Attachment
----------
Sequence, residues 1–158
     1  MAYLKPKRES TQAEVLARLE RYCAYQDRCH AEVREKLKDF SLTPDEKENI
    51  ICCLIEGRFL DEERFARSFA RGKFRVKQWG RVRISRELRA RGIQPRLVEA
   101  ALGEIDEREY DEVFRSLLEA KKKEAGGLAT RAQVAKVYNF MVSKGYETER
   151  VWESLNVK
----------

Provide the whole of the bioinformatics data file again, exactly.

Sequence, residues 1–158
     1  MAYLKPKRES TQAEVLARLE RYCAYQDRCH AEVREKLKDF SLTPDEKENI
    51  ICCLIEGRFL DEERFARSFA RGKFRVKQWG RVRISRELRA RGIQPRLVEA
   101  ALGEIDEREY DEVFRSLLEA KKKEAGGLAT RAQVAKVYNF MVSKGYETER
   151  VWESLNVK